The impedance analysis in the reservoir zone identifies the separation by fluids and lithology. The impedance P versus impedance S plot, with effective porosity color coding, shows that shales can be adequately separated from sands (Figure 6).

The VPVS versus density plot, colored by water saturation, identifies how, at a logging level, adequate separation of zones with hydrocarbon presence from water zones can be achieved. Therefore, special processes must achieve a good lithological and fluid differentiation (Figure 7).

## Results

All spectral decomposition methods can provide better resolution of the channel morphology in comparison to the post-stack amplitude map, but each offered a different spectral response. Longer window size results are not considered sometimes because structures of interest are only seen at higher frequencies. By sampling the seismic signal with a short window size, it is possible to avoid the averaging effects inherent in the fixed window method as well as obtain better frequency resolution. Generally speaking, thin thickness events appear as high amplitudes at certain higher frequencies in spectral decomposition maps. Therefore, it is possible to observe the spatial variation of the target by viewing spectral maps in succession within the tuning cubes. Sometimes, if channel or bed thickness increases or decreases spatially, it can be observed by scrolling through the frequency slices.

It is necessary to mention that the conventional seismic attribute RMS or instantaneous amplitude is considered by many interpreters as a point of interest with hydrocarbon content, which is considered very risky and successful in drilling. As a personal recommendation, calibration should be carried out with production of the results of any basic seismic attribute and tied with special processes such as spectral decomposition or seismic inversion.

It is highly recommended to use either seismic pre-stack or seismic post-stack Non-Filter and Non-Gain if you are interested in extraction of conventional seismic attributes or in special processes that are very sensitive to interpretation, a detailed interpretation must be carried out by choosing and keeping the reflector on the entire interpretation. When you use seismic with some type of make-up or filter, you alter the true amplitudes, which can have catastrophic results in your proposals for new well locations, adding to the statistics of new dry wells (Figure 8).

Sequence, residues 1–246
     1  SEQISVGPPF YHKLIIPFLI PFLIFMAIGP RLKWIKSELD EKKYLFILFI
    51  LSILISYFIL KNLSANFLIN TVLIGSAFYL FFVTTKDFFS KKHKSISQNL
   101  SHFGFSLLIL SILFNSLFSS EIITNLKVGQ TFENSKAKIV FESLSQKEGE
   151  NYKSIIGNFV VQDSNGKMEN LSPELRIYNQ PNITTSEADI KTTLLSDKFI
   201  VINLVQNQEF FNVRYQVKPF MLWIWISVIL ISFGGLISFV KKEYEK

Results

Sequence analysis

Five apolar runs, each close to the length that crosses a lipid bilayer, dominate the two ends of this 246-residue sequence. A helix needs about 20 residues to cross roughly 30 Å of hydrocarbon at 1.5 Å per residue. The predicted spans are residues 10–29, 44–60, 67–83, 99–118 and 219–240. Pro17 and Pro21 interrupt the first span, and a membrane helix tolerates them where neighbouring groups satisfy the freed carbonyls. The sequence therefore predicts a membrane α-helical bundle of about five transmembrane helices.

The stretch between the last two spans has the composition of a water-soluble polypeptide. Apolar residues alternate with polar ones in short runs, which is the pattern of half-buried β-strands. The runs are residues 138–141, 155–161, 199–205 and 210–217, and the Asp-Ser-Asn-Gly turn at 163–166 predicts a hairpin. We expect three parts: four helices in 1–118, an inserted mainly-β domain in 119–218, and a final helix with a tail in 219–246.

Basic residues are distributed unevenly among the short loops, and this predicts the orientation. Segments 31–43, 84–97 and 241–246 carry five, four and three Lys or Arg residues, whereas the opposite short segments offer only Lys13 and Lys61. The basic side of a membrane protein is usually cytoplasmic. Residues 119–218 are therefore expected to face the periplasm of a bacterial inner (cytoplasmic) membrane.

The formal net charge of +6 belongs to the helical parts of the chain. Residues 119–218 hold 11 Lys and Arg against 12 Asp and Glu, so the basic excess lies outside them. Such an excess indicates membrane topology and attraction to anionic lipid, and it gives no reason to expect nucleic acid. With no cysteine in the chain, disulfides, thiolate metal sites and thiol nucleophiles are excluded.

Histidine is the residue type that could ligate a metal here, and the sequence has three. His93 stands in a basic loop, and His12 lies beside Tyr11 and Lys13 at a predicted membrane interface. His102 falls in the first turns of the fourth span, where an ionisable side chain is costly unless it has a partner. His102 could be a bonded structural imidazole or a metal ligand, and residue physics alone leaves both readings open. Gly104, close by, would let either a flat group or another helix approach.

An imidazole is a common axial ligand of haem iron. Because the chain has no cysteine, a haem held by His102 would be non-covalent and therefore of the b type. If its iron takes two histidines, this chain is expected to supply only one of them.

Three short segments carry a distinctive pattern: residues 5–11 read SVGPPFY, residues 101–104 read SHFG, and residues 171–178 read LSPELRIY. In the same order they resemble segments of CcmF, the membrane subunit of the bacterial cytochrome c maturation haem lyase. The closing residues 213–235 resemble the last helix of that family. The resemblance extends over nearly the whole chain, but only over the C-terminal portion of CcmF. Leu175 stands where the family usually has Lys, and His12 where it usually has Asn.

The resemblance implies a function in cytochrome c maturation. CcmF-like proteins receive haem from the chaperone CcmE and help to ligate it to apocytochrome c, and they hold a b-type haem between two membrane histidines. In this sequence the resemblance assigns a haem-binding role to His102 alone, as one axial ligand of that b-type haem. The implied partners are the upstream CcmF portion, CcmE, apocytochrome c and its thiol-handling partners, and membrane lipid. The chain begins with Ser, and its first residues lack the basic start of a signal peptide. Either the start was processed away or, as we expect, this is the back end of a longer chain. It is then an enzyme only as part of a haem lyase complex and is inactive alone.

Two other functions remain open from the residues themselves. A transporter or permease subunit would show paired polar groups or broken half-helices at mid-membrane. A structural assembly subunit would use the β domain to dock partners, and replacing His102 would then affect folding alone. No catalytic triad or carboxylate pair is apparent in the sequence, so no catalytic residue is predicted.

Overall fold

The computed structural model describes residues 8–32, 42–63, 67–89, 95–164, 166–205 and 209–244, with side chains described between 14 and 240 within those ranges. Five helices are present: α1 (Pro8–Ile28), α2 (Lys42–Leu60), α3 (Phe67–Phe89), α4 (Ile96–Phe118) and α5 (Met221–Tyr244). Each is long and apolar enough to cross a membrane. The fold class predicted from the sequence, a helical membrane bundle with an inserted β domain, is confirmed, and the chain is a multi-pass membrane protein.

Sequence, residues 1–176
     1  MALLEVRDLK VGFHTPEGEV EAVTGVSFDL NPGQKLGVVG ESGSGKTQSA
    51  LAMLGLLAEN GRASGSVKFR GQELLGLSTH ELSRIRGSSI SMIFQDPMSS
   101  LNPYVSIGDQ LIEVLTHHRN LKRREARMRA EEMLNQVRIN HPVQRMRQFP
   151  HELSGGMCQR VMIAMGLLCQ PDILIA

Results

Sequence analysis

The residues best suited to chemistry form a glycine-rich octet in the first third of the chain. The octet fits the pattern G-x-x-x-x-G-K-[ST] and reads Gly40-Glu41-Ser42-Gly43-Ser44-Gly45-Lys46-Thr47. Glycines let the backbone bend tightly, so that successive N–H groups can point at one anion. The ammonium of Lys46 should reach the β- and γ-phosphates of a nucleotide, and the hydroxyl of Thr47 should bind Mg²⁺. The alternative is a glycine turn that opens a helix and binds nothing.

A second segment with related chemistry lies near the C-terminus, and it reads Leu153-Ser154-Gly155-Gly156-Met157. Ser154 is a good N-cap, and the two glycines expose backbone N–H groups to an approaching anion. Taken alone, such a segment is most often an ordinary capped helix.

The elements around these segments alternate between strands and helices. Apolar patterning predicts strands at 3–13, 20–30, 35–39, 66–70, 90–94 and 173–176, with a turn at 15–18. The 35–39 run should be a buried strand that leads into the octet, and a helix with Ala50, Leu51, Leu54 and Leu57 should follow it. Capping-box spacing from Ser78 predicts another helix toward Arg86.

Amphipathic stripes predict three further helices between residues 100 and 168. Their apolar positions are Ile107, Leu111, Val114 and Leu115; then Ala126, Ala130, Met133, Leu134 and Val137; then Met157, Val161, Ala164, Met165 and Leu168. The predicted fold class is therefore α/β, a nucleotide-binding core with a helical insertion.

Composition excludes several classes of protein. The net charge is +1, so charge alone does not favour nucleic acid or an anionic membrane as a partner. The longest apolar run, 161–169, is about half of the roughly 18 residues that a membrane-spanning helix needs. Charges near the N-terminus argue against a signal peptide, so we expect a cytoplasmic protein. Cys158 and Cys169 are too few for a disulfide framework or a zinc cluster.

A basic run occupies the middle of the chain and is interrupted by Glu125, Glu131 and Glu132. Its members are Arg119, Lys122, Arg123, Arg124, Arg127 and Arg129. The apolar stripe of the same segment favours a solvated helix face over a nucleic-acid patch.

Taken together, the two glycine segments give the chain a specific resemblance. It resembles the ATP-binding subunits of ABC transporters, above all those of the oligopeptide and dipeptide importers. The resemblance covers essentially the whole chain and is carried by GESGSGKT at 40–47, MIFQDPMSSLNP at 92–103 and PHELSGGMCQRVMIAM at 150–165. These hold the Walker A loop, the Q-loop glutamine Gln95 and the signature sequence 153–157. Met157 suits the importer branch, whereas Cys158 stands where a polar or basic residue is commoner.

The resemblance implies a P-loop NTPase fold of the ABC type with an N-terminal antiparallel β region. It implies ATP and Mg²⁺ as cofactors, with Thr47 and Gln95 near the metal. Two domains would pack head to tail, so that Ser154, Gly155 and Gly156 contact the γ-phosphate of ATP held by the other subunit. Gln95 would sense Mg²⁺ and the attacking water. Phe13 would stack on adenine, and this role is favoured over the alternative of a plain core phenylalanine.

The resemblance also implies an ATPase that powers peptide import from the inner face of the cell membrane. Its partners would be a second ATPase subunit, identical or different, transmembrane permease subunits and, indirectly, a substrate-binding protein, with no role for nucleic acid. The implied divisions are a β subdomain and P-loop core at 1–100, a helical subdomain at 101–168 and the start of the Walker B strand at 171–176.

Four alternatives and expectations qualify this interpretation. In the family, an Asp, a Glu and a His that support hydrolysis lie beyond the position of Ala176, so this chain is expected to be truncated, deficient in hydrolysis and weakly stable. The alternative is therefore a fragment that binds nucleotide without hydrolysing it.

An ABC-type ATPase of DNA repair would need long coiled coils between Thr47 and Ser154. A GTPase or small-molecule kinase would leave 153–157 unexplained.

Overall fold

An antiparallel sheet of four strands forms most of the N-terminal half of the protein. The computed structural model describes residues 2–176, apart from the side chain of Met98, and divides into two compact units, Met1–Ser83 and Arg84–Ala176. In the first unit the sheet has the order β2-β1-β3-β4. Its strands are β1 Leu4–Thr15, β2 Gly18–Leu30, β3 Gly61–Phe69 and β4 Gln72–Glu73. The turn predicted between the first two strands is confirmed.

## Conclusions

In imaging the Glauconite channel sands, running multiple spectral decomposition methods helped to resolve the channel morphology and bed thickness relationships within the channel facies. While TFCWT spectral decomposition provided the best resolution of all the methods, it also took the longest time to calculate. The S-Transform maps provided similar results to TFCWT and were faster to generate, making the S-Transform method the most efficient technique for resolving the channels in this particular study. Spectral decomposition can greatly improve visualization and interpretation workflows by revealing thin beds, lateral discontinuities and subtle anomalies not readily identified in post-stack seismic data. By correlating the spectral maps back to well logs and attribute relationships, the technique can help the interpreter to better understand complex reservoirs and plan a drilling strategy with greater confidence and considerably reducing risk in success.

Some think that strong amplitude could be an indicator of hydrocarbons, while the other side suggests that amplitude is only a sand indicator. On the other hand it could show nothing about the presence or absence of hydrocarbons. The interpreter must be careful with those indicators and integrate all available data, complementing these results with geophysical techniques such as seismic acoustic inversion, seismic elastic inversion, production data, pressure data, geological data and seismic attributes. Combination of different attributes as an instantaneous amplitude and instantaneous frequency could be used to enhance the continuity of the event. When two seismic events are very close together, it can be difficult to separate one from other on the basis of amplitude; Instantaneous frequency can assist the interpreter determining their relationship between two reflectors.

It is important to consider that well logs show a clear separation of lithology and fluids, which allows for the application of special processes such as spectral decomposition (Specdecomp) or, alternatively, simultaneous or elastic seismic inversion.

Always keep in mind that the objective of any interpretation and/or characterization of a reservoir with production, as well as G&G and productivity studies is to increase or improve hydrocarbon production.